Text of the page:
You know that scene in a movie where someone with a British accent offers an American tea and the American kinda does one of these -_- and says “Coffee”. It’s happened countless times in movies, so much so that I can’t even think of a single film where it’s happened but I know I’ve seen that particular exchange in multiple different situation like it’s a glitch in the Matrix or Groundhog day or something. And it’s a little weird seeing as how it’s not even grown in America except for in Hawaii.
But have you ever seen that exchange and thought “the hell is with everyone thinking American’s are so about their coffee”? I mean, personally, if I had some smooth British butler offer me tea I’d say “Oolong please, and don’t overstep it” to which he’d say “wouldn’t dream of it sir” in his judgy British butler voice and then scurry off to the kitchen to burn my tea and say “just how sir requested” thinking I wouldn’t know the difference. But alas, I am not in these movies so that never happens. But I still keep wondering why there is this association with American pride.
Well folks, it is for this reason that Google was invented.
According to the Googlebox, Americans liked their tea just like they liked their coffee. Then this little thing called the Townshend Acts happened. Part of these acts was a tax on tea. Since American colonists didn’t like being taxed for an outrageously expensive war…cough…they considered it their duty to drink anything else including Labrador Tea and coffee. I guess the Labrador Tea didn’t catch on too well but the other thing seemed to do just fine.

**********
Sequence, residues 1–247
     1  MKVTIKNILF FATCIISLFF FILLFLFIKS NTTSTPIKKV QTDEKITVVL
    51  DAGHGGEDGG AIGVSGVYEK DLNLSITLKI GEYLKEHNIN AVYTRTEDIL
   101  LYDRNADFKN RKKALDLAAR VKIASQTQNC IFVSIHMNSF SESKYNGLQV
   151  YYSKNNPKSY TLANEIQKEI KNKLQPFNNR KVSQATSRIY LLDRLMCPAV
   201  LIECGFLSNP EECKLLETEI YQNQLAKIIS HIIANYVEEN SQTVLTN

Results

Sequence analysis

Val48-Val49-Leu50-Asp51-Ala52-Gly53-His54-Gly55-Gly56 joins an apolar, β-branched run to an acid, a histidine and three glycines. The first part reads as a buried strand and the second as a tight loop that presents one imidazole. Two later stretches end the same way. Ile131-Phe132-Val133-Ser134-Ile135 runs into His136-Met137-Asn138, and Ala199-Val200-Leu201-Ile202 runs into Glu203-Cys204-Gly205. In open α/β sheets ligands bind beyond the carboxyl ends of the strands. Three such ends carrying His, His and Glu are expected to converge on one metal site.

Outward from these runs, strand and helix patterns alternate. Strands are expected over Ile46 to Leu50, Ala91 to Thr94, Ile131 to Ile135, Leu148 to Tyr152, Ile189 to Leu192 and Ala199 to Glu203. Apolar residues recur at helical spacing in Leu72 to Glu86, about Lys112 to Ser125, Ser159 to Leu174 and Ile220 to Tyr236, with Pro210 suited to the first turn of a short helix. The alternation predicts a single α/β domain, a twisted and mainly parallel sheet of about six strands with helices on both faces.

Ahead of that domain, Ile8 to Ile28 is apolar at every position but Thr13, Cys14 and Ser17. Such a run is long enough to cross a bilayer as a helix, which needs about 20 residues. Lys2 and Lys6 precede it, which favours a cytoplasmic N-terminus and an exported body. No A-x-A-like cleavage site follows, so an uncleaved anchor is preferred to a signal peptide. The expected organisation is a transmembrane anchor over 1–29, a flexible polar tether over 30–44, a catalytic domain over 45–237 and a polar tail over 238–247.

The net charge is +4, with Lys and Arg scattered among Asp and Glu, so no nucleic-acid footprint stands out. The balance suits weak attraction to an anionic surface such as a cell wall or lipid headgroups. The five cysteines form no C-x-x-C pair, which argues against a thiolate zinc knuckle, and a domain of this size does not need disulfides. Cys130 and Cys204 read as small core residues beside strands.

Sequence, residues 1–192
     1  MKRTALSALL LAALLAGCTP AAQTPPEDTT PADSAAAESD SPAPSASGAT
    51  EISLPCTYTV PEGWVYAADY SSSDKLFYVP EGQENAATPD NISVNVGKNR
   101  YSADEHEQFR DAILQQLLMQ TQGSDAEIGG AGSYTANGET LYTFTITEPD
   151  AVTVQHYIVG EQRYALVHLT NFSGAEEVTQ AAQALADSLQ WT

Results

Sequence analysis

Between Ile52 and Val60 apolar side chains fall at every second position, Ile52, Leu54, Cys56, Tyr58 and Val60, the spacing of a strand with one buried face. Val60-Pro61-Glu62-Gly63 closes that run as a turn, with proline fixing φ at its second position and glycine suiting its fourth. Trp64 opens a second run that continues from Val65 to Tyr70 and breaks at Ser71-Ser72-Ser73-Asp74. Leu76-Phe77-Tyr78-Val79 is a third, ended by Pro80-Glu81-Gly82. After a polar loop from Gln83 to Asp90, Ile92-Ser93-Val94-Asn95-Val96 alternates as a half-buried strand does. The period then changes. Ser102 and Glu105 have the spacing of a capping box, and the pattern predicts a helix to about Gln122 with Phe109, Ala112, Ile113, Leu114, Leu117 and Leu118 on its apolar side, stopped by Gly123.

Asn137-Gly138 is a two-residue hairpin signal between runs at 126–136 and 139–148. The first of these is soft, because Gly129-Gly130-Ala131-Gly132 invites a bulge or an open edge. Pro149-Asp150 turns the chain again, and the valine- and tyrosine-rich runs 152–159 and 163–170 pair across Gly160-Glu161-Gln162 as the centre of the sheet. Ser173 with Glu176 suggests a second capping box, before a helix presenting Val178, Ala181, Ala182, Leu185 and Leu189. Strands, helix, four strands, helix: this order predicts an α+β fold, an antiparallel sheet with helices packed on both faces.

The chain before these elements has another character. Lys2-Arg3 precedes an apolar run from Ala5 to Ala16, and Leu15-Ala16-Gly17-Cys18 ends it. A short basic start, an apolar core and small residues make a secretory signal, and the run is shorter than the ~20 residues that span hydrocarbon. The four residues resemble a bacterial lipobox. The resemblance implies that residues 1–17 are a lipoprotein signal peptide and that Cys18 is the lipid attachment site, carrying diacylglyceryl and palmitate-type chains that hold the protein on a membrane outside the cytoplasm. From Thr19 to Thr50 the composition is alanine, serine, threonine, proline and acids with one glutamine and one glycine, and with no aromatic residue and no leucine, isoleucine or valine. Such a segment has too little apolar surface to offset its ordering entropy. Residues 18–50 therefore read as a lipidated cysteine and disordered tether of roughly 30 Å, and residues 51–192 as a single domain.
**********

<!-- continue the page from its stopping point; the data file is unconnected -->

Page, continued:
Fast forward to another American conflict, the Civil War. The Townshend acts didn’t really bring coffee into a daily Ritual (hehe) for Americans, the Civil War certainly began that since they often needed young men to be mobilized quickly. Veterans of the Civil War came home addicted to the stuff.
After that, the California Gold rush made coffee the working man’s drink. Early bird gets the gold and you know what gets you up early.
I think what really made it a part daily life was the rumored endorsement of Teddy Roosevelt. People said he drank gallons of the stuff.
So maybe that’s why those scenes in movies come up.
That’s all for now folks, and as always,
A lot of things have been banned for starting a revolution. From kilts and bagpipes to hip hop and Facebook, what seems to be the smallest, most insignificant thing (or possibly obnoxious in the case of bagpipes) have been seen as the symbol and sometimes vehicle of a movement that can overthrow a seat of power. Ever heard of coffee being such a vehicle? No? Let's take a trip to 16th century Mecca.